The C-terminal CA domain also includes a stretch of 20 residues that has been called the major homology region (MHR) because of its conservation among unrelated retroviruses, which otherwise show little if any sequence homology in CA (Wills and Craven, 1991). The unique conservation of this region suggests a crucial function in the retroviral life cycle, and genetic analyses have shown that the MHR is essential for virus replication and likely has crucial roles both in assembly and at post-assembly stages (Alin and Goff, 1996; Cairns and Craven, 2001; Craven et al., 1995; Mammano et al., 1994; Strambio-de-Castillia and Hunter, 1992; Willems et al., 1997). The C-terminal half of the MHR has an a-helical conformation, and the entire conserved region forms a compact strand-turn-helix motif that is stabilized by a complex network of hydrogen bonding interactions (Gamble et al., 1997). In the X-ray structure of the C-terminal CA domain, the MHR did not contribute to the dimer interface, suggesting that it may serve as an interaction site for another viral component or for a cellular factor (Gamble et al., 1997).

In vitro, the CA domain alone can assemble into hollow tubes that are reminiscent of the tubular cores seen in a fraction of mature HIV-1 virions (Gross et al., 1997). However, tube formation was prevented by N-terminal extensions that consisted of as few as four MA residues (Gross et al., 1998; von Schwedler et al., 1998). Instead, spherical shells were observed which resembled immature virus particles but were smaller in size. This switch from tube to sphere formation supports the proposal that cleavage at the MA-CA junction leads to the refolding of the N-terminal end of CA, creating a new CA-CA interface in the mature core (Gitti et al., 1996; Gross et al., 1998; von Schwedler et al., 1998). Specifically, the three-dimensional structure of the N-terminal CA domain suggests that the proteolytic liberation of the N-terminal proline of CA allows the formation of a salt bridge with a highly conserved aspartate residue, which stabilizes the refolded conformation (Gitti et al., 1996). Mutagenesis of the conserved aspartate indicates that the postulated salt bridge is crucial for the formation CA tubes in vitro (von Schwedler et al., 1998). However, a recent study shows that N-terminal extensions of CA do not always abolish tube formation, demonstrating that there is no absolute requirement for the salt bridge (Gross et al., 2000). Interestingly, in the latter study, which used a Gag molecule that included NC in addition to N-terminally extended CA, the presence of the p2 spacer peptide between the CA and NC domains was essential for the formation of spheres. These in vitro results support the notion that p2 functions as a molecular switch region that controls the transition from sphere to cone formation.

In addition to tubes (Campbell and Vogt, 1995), purified CA-p2-NC can yield significant amounts of cones that appear strikingly similar to viral cores (Ganser et al., 1999) (See Figure 3).



Figure 3. (A) Transmission electron micrograph of an authentic HIV-1 virion (left) and of an in vitro assembled cone formed by HIV-1 CA-NC in the presence of RNA (right). (B) Hexagonal lattice model of the HIV-1 core. Structures of the CA hexamers are derived from cryo-EM image reconstructions of CA helices formed in vitro. Pentameric defects are indicated in red. (Courtesy of Wesley Sundquist and reprinted with permission from Ganser et al., 1999.)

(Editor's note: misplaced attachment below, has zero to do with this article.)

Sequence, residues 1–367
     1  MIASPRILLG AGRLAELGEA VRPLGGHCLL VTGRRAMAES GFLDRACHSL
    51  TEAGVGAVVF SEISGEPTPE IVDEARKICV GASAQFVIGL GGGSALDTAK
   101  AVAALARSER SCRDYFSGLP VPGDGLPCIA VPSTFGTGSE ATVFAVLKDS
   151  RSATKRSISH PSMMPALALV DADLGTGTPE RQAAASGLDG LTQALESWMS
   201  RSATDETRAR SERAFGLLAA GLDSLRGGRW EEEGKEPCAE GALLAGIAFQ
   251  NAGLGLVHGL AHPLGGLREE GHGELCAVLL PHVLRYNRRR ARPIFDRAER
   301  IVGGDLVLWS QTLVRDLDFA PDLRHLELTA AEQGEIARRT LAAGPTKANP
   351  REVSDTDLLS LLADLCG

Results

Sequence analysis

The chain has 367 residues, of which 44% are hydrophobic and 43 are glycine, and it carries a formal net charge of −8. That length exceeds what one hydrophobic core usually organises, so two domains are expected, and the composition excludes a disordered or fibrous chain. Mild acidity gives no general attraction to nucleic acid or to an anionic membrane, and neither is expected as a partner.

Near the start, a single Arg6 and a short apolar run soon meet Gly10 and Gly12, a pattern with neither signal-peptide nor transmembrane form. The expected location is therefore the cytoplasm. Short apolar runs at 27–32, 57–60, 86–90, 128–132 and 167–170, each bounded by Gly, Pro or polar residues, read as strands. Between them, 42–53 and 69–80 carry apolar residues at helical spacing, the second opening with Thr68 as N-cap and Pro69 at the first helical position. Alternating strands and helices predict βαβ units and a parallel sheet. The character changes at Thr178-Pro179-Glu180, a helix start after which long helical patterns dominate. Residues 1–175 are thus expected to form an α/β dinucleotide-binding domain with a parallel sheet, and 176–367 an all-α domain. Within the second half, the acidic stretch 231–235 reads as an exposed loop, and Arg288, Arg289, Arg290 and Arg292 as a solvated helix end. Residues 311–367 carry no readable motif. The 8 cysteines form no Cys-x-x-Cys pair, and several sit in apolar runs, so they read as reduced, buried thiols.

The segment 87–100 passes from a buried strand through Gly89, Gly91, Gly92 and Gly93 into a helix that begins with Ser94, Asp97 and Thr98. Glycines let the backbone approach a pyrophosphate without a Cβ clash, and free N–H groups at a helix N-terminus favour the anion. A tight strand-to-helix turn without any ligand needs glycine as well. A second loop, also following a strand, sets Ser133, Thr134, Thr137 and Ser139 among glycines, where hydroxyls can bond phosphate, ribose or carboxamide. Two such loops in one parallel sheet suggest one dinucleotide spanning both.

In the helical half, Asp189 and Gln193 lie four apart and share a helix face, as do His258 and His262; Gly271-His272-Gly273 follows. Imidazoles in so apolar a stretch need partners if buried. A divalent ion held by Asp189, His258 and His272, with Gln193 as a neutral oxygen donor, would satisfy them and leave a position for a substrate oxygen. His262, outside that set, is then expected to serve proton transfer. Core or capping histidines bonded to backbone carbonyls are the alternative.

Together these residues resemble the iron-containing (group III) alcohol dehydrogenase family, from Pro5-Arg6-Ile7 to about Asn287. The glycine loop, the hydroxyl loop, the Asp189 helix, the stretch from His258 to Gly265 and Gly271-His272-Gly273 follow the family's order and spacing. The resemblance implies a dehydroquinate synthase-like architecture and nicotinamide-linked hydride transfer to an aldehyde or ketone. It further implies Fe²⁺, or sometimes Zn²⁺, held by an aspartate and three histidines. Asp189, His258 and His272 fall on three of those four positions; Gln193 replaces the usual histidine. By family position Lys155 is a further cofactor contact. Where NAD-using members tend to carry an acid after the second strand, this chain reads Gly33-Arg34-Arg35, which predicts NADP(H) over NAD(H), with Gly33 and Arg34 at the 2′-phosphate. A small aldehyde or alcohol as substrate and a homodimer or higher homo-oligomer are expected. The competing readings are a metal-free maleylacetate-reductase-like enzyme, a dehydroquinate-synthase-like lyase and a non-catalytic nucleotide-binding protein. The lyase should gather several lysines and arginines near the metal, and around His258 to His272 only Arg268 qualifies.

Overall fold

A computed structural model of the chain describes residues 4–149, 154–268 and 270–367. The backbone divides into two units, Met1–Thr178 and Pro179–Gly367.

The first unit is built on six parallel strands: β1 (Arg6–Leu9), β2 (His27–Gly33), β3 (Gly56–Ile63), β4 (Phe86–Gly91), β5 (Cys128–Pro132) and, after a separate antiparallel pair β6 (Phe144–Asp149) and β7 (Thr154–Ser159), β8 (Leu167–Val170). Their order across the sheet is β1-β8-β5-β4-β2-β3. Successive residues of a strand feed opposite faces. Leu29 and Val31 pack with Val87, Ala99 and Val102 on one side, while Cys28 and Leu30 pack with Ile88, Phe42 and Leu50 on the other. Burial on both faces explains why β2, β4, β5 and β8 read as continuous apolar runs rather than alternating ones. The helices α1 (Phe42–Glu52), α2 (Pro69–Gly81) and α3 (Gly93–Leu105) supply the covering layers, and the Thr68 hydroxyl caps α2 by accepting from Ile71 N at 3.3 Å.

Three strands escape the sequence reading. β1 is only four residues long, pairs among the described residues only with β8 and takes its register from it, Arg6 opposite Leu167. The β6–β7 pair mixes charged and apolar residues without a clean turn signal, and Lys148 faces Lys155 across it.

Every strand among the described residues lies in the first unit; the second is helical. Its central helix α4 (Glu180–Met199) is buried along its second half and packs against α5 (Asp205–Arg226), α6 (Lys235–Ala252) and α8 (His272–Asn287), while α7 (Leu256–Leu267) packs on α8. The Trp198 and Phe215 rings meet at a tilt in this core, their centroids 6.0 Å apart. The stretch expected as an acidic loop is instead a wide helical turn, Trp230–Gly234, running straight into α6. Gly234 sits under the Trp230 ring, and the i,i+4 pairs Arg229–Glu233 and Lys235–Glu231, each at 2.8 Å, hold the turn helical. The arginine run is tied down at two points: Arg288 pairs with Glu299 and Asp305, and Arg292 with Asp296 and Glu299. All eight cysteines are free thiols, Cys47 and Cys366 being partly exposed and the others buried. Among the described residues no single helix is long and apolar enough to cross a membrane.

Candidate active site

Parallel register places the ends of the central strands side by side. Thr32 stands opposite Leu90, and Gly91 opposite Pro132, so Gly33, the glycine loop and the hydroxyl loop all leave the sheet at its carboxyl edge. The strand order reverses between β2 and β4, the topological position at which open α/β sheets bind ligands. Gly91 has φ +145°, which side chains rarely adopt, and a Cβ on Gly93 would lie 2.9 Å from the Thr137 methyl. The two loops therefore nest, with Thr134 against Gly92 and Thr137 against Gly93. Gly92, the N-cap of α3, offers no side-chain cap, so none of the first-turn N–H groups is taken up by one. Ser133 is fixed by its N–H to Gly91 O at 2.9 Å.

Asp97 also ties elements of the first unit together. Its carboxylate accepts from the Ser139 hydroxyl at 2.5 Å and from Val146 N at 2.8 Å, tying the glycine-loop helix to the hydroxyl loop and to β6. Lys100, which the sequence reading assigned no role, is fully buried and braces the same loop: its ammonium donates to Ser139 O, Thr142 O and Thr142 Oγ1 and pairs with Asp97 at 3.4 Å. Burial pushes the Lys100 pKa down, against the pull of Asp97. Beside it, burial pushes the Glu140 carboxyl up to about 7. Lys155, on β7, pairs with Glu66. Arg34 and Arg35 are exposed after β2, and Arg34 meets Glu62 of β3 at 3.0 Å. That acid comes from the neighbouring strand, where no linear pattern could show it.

While the presence of RNA promoted the in vitro assembly of both types of structures, an RNA template was not absolutely required, demonstrating that the ability to form tubes and cones is an intrinsic property of CA-p2-NC (Ganser et al., 1999). Based on the regular appearance of the synthetic cones, Sundquist and coworkers propose that retroviral cores are composed of hexagonal lattices that are closed through the incorporation of a total of 12 pentagons (Ganser et al., 1999). The position of the pentameric defects in the lattice would then determine whether the cores are spherical, tubular, or conical. This model allows five discrete cone angles, and all of the predicted angles were indeed observed in synthetic core preparations (Ganser et al., 1999). The majority of the synthetic cores had cone angles of about 19 degrees, as expected if five pentagons were present at the narrow end. Authentic HIV-1 cores have recently been isolated (Accola et al., 2000a; Kotov et al., 1999; Welker et al., 2000), and on average these exhibited a cone angle that was close to the predicted 19 degree value. However, individual cone angles varied considerably, indicating a significant degree of flexibility in the precise configuration of the core.

Reconstructed images of tubes assembled from purified HIV-1 CA show a surface of hexameric rings that are likely formed by the N-terminal domains of CA (Li et al., 2000). These rings appear connected via the C-terminal CA domains, which project towards the interior of the tubes. The images indicate a high degree of structural polymorphism that was attributed to domain movements permitted by the flexible nature of the linker sequence between the two CA domains (Li et al., 2000). This high degree of flexibility facilitated the construction of a model of the HIV-1 core that was obtained by docking CA hexamers into an idealized fullerene cone (Li et al., 2000). This model suggests that the MHR is not involved in critical CA-CA contacts and may thus be available to interact with other components within the core. Another interesting feature of the model is that it suggests a rather open HIV-1 core structure that should be permeable for nucleotide triphosphates, which may allow reverse transcription of the viral genome to proceed within the intact core.